36.12 (Aorto) coronary bypass of two coronary arteries

36.16 Double internal mammary-coronary artery

36.13 (Aorto) coronary bypass of three coronary arteries

 

36.14 (Aorto) coronary bypass of four or more arteries

 

Codes:  36.11- 36.14 will be used for grafts harvested from the leg (e.g., saphenous vein)
Codes: 36.15 and 36.16 will be used for grafts harvested in thoracic area (R or L internal mammary artery)

Instructional notes under code 36.1- Bypass anastomosis for heart revascularization: 

  • Code also cardiopulmonary bypass [extracorporeal circulation] (heart-lung machined) 39.61
  • Tip: The determining factor for coding an aortocoronary artery bypass graft operation is the number of coronary arteries involved rather than the number of grafts.

Table 3: Case Study 1 & 2 Comparison

Case 1: CABG w/saphenous vein (2  coronaries)

Case 2: CABG w/left internal mammary (1  coronary)

68-year-old man is undergoing a two coronary artery bypass operation for occlusion of the LCX and RCA. The available left internal thoracic artery (LITA) was not long enough, and a saphenous vein graft (SVG) was selected instead.  Patient was on pump during procedure.

68-year-old man is undergoing a single coronary artery bypass operation for occlusion of the LAD. The available left internal artery (LITA) was used as the saphenous vein graft (SVG) was inferior in structure. Pt was on pump during procedure.

Case Study 1 ICD 9 CM Codes:

36.12  (Aorto) coronary bypass of two coronary arteries

+ 39.61 Cardiopulmonary bypass [extracorporeal circulation] (heart-lung machined)

Case Study 2 ICD 9CM Codes:

36.15 Single internal mammary-coronary artery

+ 39.61 Cardiopulmonary bypass [extracorporeal circulation] (heart-lung machined)

There is always a bill for the surgeon performing the CABG operation to represent his work.  This bill will contain the CPT codes representing the procedure. 

Professional (CPT) Coding of CABG

Coding CABG procedures with CPT is different than applying the ICD-9-CM inpatient volume III codes. CPT codes are coded based on the type of graft (venous, artery or combined artery and venous graft), where as the inpatient ICD-9-CM codes are coded based on sites of coronary arteries bypassed.

The Current Procedural Terminology codes have a surgical section for heart operations with instructions on coding. CABG procedures are represented by codes 33510- 33536.

  • 33510-33516 Venous Grafting Only for Coronary Artery Bypass
  • + 33517-335023 Combined Arterial-Venous Grafting for Coronary Bypass (add-on codes)
  • 33533-33536 Arterial Grafting for Coronary Artery Bypass 

Specific CABG CPT Guidelines

1. CPT codes 33510 - 33536 are applied based on the type of bypass graft: saphenous vein, left internal mammary artery (LIMA), upper extremity vein (add 35500 to bypass procedure), or femoropopliteal vein (report 35572 in addition to bypass procedure), and the number of coronary arteries bypassed.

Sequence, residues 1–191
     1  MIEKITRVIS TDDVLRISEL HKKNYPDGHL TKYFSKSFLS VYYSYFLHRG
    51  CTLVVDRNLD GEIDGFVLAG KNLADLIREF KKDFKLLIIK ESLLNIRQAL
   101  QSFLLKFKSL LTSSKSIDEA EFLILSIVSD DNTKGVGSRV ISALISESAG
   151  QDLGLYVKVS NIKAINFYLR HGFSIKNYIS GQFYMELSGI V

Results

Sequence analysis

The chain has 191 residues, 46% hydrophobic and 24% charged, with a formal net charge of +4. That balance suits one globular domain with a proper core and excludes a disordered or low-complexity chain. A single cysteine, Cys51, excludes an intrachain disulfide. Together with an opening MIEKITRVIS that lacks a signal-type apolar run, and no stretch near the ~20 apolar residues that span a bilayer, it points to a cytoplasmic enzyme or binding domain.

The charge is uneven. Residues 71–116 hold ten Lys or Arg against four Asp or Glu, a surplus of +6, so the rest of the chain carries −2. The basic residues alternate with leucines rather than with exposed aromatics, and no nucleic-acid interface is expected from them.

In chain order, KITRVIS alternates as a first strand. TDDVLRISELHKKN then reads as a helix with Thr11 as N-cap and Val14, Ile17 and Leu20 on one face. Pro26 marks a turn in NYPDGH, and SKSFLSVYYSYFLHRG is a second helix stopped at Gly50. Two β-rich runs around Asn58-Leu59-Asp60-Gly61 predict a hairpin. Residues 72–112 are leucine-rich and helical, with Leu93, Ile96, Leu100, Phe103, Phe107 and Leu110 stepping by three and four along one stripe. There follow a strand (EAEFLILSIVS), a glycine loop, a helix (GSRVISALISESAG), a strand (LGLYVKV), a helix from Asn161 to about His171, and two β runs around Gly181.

2. Venous Grafts 33510-33516 are never reported with add on codes +33517 through +33523. They would not be reported with 33533-33536 during the same encounter either.

3. Venous Grafting 33510-33536 include the harvesting (procurement) of the saphenous vein for bypass. If the saphenous vein was not used, an additional code must be added for other veins used for the bypass procedure (i.e., add 35500 if upper extremity vein is harvested, or 35572 if a femoropopliteal vein is harvested).

4. Add-on codes Coronary Artery bypass-Sequential Combined Arterial-Venous Grafting codes 33517-33523 are never used alone. These codes, 33517-33523, represent the venous graft in the Combined Arterial-Venous CABG procedures. 

5. Arterial Grafting for Coronary Artery Bypass codes 33533-33536 are used to report Coronary Artery bypass procedures only or a combination of arterial-venous grafts.

Table 4: Case Study of Inpatient Codes & CPT Physician Codes

Coronary Artery Bypass Procedure, x 3  with combined  artery/venous

 

78-year-old man has diffuse coronary artery disease in his Left Anterior Descending (LAD), Left Circumflex Artery (LCX) and Right coronary Artery (RCA). He is prepared for a triple bypass of these three arteries using a portion of the saphenous vein and the left internal mammary artery.  A portion of the saphenous vein was harvested from the right femoral leg and attached to the aorta and carried down to bypass the two occlusions, one in the LAD and then one in the LCX (vein x 2).  We then detached the lower half of the left internal mammary artery from the subclavian artery and carried it over the occlusion of the RCA (artery x1).  Patient was on pump during entire procedure.

 

 

Inpatient Codes

36.12 (Aorto) coronary bypass of two coronary arteries

36.15 Single internal mammary-coronary artery bypass

+ 39.61 Cardiopulmonary bypass [extracorporeal circulation]

Profee Facility Coding CPT

33533 Coronary artery bypass, using arterial graft; single

+33518 Coronary artery bypass , using venous graft and arterial grafts;  2 venous grafts

Note: The order of the CPT codes  requires that the +33518 add-on code be sequenced second.

 

Lindsey Asmus, RHIT CCS CCS-P CCDS, is an approved AHMA ICD 10 CM/PCS trainer and the content editor manager for Precyse University (www.precyseuniversity.com). She has more than nine years of experience coding and auditing in both inpatient and outpatient settings.  She taught as an adjunct instructor at an AHIMA-approved college in the Health Information Technology associate programs. She is currently a co-facilitator of the Florida CSA and Studying for the CCS, community of practice (COP) for AHIMA members.

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Rerouting of a Tubular Body: Coronary Artery Bypass Graft Coding